Walmart victory and religious values

LARRY DOWNING REUTERS Plaintiff Betty Dukes talks to the media on the steps of the U.S. Supreme Court after the … Continued

LARRY DOWNING

REUTERS

Plaintiff Betty Dukes talks to the media on the steps of the U.S. Supreme Court after the class action lawsuit Dukes v. Wal-Mart was argued before the court in Washington, in this March 29, 2011 file photo. The Supreme Court ruled for Wal-Mart Stores Inc. on June 20, 2011 in the largest sex-discrimination lawsuit in history, saying class-action status for female employees seeking billions of dollars had been improperly granted. The justices overturned a U.S. appeals court ruling that more than a million female employees nationwide could join in the lawsuit accusing Wal-Mart of paying women less and giving them fewer promotions.

Justice, including economic justice, remains a bedrock commitment not only of Judaism, but of pretty much every religious tradition I know. In fact, among the Hebrew Bible’s most famous words may be those of Deuteronomy 16:20 – “Justice, justice you shall pursue.” Those words are so powerful because giving people a fair shake and equal opportunity under the law are not simply nice ideas; they are among the foundational values of any successful society.

Given all that, the level of emotion surrounding the Supreme Court ruling against plaintiffs who wanted to certify a class including as many as 1.5 million women to sue Walmart for discrimination, is not surprising. It’s also a case of misguided anger.

In fact, the court’s ruling is anything but the “miscarriage of justice” alleged by New York Congresswoman Nydia Velasquez. It’s certainly frustrating that among the plaintiffs are almost certainly women who were unfairly denied career advancement simply because they are women. That is wrong and those who denied them should be held accountable. But what happened in this case was about much more than that.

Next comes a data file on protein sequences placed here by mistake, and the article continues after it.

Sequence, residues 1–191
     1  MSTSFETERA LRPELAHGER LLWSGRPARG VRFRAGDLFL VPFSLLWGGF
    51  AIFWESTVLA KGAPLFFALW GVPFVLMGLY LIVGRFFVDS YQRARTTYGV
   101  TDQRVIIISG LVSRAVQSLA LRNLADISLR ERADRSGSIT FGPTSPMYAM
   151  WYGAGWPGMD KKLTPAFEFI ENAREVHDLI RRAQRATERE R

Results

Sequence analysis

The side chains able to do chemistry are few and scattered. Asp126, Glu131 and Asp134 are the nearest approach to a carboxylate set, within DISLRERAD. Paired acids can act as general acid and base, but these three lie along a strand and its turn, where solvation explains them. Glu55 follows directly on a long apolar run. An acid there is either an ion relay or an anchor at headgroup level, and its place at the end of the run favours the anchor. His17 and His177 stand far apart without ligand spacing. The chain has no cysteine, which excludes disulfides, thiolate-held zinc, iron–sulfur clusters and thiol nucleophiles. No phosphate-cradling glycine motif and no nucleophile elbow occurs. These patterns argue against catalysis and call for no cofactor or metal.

Contrary to Ms. Velasquez, the court’s decision upheld justice and reminded us that redressing injustice through unjust means creates as many problems as it solves. Perhaps that is why the word “justice” is repeated twice in the verse i.e. we can only pursue justice through just means.

By attempting to certify a class as large as they did, and by seeking to bring suit under a portion of the law which is not directed at recovering financial loss, those bringing the suit undermined themselves and deserved to be turned away. Had they not sought financial redress, perhaps they would have succeeded in certifying the entire class. Or, they could have brought suit on behalf of a smaller group who certainly seem entitled to some form of financial redress for what sure looks like unfair treatment.

Ultimately, the plaintiffs and their lawyers handed themselves a defeat which could have and should have been avoided, reminding me of the classic Talmudic teaching that when you grab for too much, you end up holding nothing in the end.

As attempted by the plaintiffs, this would have been a suit seeking billions, yes with a b, billions of dollars. It’s hard to imagine that wasn’t driving the decision to create this huge class, a group which included employees from states in which not a single discrimination complaint was ever filed against Walmart. And even with a much smaller class, there would still have been enough money at stake to incentivize lawyers to act on their clients’ behalf – a concern raised by some who see this as a loss for women’s rights.

So while the court’s decision may be deeply frustrating for many of us, their decision represents a victory for those seeking to address the real discrimination that does still exist in the American workplace. Discrimination still holds specific women back in their careers and rationalizes paying specific employees unequally when compared with their male counterparts. By insisting that only those who have suffered such discrimination be the clear focus of any suit brought against employers, the court echoes the importance of seeking justice, justly.